We get emails from horse owners every single day. Many of them are desperate because they have no clue why their horse is suffering: “My mare is grinding her teeth.", “My gelding only needs to see a saddle girth, and starts kicking his stomach” or “My horse doesn’t eat well and he’s often colicky.”  It’s often the case that the vet eventually finds out that stomach ulcers are causing all the trouble. Apparently, the problem is that the symptoms often aren’t interpreted correctly.

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Imagine your horse starts grinding his teeth. You are pretty sure he hasn’t done it before, but you don’t think of stomach ulcers immediately. This new behavior could be caused by something entirely different. You might ask yourself if the training puts too much stress on your horse, or if there is something wrong with his teeth. Or maybe you hope that it’s just a phase that will pass, soon.

But then, your horse leaves more food untouched, every day. Of course, the reason for this could also be a high level of tension or dental problems. Or he just doesn’t like the feed. Some horses show even more symptoms, and others only show one of the typical warning signs, not all of these being as alarming as frequent colic. So it happens, that many stomach ulcers are recognized when it’s far too late. Here is a list of the most important symptoms. If you observe one or several of them (and if they don’t disappear in 4 weeks or less), you should talk to a vet.

Equine stomach ulcers – 10 symptoms you need to be aware of:

1. Poor appetite

2. Frequent colic

3. Less performance in daily training and shows

4. Weight loss

5. Drawn-in stomach

6. Grinding of teeth

7. Empty chewing

8. Bad breath

9. Poor condition

10. Lack of focus



Alix Szepesi, an American horse trainer and dressage rider, also had to learn that some horses develop stomach ulcers even with perfectly horse-appropriate keeping. Before she could find out, what was wrong with her horse, she tried a whole bunch of things. Now she prevents ulcers with our natural feeding supplement Equine 74 Gastric. Read on to hear her tell the story of how she fought fiercely for her horses’ health.

For American dressage trainer and rider Alix Szepesi feeding Equine 74 Gastric has been an eye-opening experience from which all her horses have reaped the benefits.  Szepesi has seen dramatic changes in her horses, not only in their performance level but also in their disposition.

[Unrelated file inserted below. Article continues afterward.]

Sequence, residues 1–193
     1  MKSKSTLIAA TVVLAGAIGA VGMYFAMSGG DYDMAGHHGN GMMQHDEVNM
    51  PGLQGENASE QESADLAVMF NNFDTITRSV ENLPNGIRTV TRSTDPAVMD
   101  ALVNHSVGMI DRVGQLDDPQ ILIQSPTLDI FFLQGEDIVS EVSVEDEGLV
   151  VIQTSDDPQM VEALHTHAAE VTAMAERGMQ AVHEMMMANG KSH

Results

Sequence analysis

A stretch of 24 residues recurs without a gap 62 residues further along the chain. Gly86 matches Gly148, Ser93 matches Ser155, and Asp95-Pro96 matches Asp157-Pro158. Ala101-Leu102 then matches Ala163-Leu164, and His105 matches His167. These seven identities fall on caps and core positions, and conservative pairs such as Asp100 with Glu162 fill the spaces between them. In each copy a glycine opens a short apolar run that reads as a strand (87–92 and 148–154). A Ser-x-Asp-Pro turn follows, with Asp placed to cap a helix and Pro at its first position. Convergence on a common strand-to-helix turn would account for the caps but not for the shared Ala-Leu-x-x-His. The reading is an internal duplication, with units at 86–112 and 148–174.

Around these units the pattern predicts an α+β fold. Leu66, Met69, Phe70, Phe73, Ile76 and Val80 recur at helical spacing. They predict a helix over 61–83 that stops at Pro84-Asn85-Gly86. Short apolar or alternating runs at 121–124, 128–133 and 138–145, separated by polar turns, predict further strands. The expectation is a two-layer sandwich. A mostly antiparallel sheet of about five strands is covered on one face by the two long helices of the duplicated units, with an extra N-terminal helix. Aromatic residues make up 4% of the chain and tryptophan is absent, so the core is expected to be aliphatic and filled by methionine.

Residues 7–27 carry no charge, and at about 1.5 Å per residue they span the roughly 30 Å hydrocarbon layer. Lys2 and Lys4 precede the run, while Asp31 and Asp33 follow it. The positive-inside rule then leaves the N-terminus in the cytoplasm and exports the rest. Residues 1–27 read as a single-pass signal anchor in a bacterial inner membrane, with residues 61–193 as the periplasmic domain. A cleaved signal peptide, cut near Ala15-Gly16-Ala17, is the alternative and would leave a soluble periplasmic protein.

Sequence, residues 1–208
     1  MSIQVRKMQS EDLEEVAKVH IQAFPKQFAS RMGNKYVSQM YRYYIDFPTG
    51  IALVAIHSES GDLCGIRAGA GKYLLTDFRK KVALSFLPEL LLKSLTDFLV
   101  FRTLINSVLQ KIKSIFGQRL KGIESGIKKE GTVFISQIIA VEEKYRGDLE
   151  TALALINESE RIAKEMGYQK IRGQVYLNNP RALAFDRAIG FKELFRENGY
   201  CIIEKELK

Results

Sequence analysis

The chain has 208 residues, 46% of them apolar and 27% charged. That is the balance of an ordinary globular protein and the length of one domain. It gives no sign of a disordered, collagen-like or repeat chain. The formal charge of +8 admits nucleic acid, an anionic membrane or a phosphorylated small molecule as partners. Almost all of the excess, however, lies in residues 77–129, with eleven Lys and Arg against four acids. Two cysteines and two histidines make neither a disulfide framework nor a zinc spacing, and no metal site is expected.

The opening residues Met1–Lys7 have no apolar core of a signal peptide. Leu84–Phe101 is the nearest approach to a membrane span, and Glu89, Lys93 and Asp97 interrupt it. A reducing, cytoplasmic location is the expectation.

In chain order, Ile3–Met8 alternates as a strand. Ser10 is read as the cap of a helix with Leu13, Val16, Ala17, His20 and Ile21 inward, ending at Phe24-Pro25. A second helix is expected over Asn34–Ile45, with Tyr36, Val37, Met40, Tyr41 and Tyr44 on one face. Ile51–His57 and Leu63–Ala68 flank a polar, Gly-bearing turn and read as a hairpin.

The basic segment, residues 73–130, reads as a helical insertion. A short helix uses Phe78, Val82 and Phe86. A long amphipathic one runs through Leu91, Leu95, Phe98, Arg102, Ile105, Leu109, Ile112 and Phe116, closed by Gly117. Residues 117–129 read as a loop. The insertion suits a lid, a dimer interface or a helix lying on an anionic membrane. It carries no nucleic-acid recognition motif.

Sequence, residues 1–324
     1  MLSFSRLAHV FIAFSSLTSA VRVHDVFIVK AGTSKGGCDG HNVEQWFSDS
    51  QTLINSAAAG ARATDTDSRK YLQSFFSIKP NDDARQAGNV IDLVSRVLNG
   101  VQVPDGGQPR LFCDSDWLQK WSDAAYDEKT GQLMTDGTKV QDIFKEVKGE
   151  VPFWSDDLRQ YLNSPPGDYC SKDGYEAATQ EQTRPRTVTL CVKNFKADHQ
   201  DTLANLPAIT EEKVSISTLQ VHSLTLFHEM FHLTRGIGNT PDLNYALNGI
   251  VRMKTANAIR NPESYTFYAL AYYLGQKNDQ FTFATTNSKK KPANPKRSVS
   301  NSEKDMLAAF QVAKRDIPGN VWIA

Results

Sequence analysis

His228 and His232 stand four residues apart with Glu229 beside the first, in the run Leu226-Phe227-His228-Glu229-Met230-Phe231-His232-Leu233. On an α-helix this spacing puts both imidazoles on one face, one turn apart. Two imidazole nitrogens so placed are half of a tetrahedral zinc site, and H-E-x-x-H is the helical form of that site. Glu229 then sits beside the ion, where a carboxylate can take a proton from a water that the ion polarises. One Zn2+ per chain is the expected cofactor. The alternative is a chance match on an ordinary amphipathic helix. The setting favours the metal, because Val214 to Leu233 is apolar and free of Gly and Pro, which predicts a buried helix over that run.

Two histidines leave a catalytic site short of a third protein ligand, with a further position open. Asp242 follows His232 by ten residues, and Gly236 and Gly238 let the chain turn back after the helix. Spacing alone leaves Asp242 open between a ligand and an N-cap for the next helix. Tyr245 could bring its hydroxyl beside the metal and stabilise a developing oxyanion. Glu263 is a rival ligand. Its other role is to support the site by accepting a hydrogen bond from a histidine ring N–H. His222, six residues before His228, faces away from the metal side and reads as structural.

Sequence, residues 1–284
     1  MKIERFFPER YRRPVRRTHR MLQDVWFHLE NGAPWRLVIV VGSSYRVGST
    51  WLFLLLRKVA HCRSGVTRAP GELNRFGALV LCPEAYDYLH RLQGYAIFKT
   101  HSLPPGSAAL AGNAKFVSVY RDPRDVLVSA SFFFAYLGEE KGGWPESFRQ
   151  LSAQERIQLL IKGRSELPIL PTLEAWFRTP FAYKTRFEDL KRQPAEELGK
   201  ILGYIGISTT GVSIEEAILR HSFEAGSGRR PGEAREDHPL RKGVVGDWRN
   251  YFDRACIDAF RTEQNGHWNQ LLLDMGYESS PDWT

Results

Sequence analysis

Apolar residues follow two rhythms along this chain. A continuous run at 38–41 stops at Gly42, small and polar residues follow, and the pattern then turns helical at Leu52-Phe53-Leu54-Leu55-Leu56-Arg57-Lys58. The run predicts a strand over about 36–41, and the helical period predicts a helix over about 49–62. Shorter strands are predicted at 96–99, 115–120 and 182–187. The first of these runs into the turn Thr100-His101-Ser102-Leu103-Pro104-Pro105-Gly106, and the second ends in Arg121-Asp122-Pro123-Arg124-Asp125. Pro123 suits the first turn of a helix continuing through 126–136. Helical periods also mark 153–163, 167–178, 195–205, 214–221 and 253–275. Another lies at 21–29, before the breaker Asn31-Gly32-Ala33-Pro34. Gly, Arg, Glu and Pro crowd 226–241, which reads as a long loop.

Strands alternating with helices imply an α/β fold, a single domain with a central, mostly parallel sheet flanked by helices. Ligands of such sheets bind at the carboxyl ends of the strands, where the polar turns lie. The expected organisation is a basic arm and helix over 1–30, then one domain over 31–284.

alix_szepesi_2.jpg"They are mentally more relaxed and focused. Under saddle they start out more relaxed in the body and more accepting of the leg. Horses that had a tucked up look filled out. Horses that had a bloated look slimmed down and more healthy manure. Horses I thought were just 'crabby' became more affectionate.“

 Based in Litchfield (CT) and in Wellington (FL) Szepesi is an FEI Dressage trainer who mainly competes at the Global Dressage Festival over the winter and at Saugerties and local shows in New England during the summer.  Her top horse Douceur is a 10-year old Oldenburg gelding (by Don Primero x Royal Dance), owned by Michele Sweeny, while her rising stars are Skyline Sport Horses' 7-year U.S. bred Reine des Reves WS (by Starlight x Rosier) and her own 6-year old Oldenburg gelding Sir Sebastian (by Sir Gregory x Rubinstein I).

 

Good Horsemanship Does Not Rule Out Gastric Ulcers

Szepesi is an avid believer in good horsemanship and likes to keep her horses in the most natural environment possible while combining it with the standards of the high-performance sport.

"We have a small operation at Litchfield Hills Dressage so we can give the horses individualized care and provide a healthy environment. They go out twice a day in large grass fields for total of 6-8 hours per day. They have free choice hay when not out on grass, and multiple feedings per day of an all-natural diet (no processed food or added sugars)," Szepesi explained. "The barn design is very open, with lots of natural light, run outs attached to stalls, no solid walls between stalls so the horses can see each other. The training schedule is riding 4-5 times a week with sessions in the dressage ring, together with hill work and field work so there’s a variety. We go to Wellington, FL over the winter and rent a place with ample grass turn out where the horses can have the same care schedule as back home.“

Despite Alix' dedicated efforts to give her horses a natural lifestyle in an environment as close to what mother nature intended, one of her horses struggled with gastric ulcers. Finding relief took her on a roller coaster ride in the equine pharmaceutical world that only drained wallets instead of finding solutions.